Seattle Department of Transportation (SDOT) staff hosted an open house on Tuesday to present conceptual plans for improving bike routes in northeast Seattle between East Green Lake Way N and 20th Avenue NE. Most of the project will simply be the installation of standard plastic posts between the existing bike lanes and vehicle lanes on Ravenna Boulevard. The project will also extend protected bike lanes (PBL) east to 15th Avenue NE, install new PBLs on Cowen Place and the Cowen Park Bridge, and create a two-way route for bicyclists on NE 62nd Street.
SDOT mailed out notices of the meeting last month, drawing about 50 people from around the project area. I’m particularly interested because I frequently ride the entirety of Ravenna Boulevard for recreation. The meeting was surprisingly upbeat, with none of the usual antagonists, and included a diverse mix of residents. Many said they bike along the corridor with their kids. Being between two sizable parks, Ravenna is a popular route for families.
SDOT staff didn’t have many visual details beyond what is available on the project website, but were able to respond to some specific questions about certain features. For instance, there will not be a painted crosswalk on 15th Avenue at 62nd Street because SDOT’s thresholds (pedestrian count, sight lines, etc.) are not met. I encountered the same resistance from traffic engineers when I requested a crosswalk further south at the 55th Street bus stop some time ago. However, 62nd Street will continue to be signed as a one-way street for cars (to cut down on through traffic) and, newly, a two-way route for bicyclists between 15th and 17th Avenues. It’s a good route for bicyclists headed east because its relatively flat and has low traffic.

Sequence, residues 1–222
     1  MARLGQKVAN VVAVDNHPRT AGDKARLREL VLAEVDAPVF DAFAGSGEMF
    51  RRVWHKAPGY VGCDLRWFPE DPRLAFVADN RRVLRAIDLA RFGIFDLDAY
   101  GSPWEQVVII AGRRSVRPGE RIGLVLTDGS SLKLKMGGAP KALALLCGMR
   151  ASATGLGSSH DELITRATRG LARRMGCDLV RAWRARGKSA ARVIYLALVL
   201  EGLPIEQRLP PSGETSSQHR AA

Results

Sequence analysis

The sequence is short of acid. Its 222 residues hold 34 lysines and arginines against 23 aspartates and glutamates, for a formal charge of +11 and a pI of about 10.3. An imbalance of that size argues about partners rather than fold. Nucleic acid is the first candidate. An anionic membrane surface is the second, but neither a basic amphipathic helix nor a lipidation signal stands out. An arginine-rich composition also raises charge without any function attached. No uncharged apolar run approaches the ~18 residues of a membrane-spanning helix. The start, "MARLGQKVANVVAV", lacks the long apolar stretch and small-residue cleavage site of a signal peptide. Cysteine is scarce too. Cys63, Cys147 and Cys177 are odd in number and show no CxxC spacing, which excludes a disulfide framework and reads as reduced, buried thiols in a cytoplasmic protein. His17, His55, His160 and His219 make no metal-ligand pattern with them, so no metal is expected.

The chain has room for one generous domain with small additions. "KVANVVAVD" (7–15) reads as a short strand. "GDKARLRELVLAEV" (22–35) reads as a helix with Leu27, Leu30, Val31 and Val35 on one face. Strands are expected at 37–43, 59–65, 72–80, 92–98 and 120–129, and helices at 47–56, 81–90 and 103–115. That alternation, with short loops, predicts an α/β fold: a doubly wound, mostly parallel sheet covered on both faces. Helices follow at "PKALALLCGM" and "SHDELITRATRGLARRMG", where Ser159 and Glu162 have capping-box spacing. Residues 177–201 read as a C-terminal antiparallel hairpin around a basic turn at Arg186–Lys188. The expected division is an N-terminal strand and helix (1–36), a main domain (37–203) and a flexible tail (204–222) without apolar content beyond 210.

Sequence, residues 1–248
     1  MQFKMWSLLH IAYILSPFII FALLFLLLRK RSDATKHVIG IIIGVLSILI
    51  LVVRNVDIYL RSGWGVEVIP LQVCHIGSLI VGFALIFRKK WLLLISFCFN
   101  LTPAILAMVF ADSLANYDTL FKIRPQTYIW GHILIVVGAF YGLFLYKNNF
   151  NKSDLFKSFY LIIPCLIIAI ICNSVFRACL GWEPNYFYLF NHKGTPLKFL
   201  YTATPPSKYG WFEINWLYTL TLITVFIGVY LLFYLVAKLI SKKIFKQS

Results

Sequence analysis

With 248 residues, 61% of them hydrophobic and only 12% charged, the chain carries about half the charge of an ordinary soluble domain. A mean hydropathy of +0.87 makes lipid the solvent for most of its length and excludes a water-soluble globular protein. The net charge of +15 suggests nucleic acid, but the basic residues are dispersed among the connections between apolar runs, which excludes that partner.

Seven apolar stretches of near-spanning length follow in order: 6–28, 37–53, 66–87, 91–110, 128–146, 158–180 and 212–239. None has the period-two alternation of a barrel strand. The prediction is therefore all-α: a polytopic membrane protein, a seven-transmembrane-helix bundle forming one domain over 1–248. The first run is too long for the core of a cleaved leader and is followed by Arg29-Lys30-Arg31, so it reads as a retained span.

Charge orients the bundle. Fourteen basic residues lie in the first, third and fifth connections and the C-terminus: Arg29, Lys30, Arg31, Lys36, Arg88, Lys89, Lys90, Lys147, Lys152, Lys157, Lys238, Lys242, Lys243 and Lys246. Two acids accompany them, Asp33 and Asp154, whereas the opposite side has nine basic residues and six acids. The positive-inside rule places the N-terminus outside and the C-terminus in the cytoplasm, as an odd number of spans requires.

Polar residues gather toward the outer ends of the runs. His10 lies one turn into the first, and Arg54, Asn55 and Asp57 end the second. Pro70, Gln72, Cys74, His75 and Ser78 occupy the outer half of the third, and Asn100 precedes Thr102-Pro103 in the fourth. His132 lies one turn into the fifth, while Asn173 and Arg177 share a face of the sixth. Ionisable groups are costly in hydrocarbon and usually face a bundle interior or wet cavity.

Further south at the intersection of Cowen Place and 15th Avenue will be one of the project’s more intriguing aspects. Currently this intersection is a no man’s land for people on foot, with unclear crossings movements and a huge southbound curb radius. With new PBLs on both Cowen and 15th, something needs to change. As with 62nd, new crosswalks can’t be installed at the current intersection. So he plan is to create an all-way stop with a new bulb-out to the east, making a T intersection. This allows smoother movement for all users and a better connection to a flat, unpaved trail above Ravenna Park. There is also a bus stop here that needs to be accomodated. The intersection might be something like the image below.
I’m also excited to see an inclusion of what I suggested to SDOT several months ago: extending the eastbound bike lane two blocks between Brooklyn Avenue and 15th Avenue. Currently the lane ends at Brooklyn Avenue as the street begins climbing a hill, making for a dangerous mixing zone. Extending the PBL will get people biking safely to the top of the hill. In addition, the Brooklyn intersection will be made an all-way stop. Some parking will be lost between University Way and 15th, and parking between University Way and Brooklyn will be relocated to the other side of the street, which currently has as 21 feet wide drive lane. The idea I sent to SDOT is below.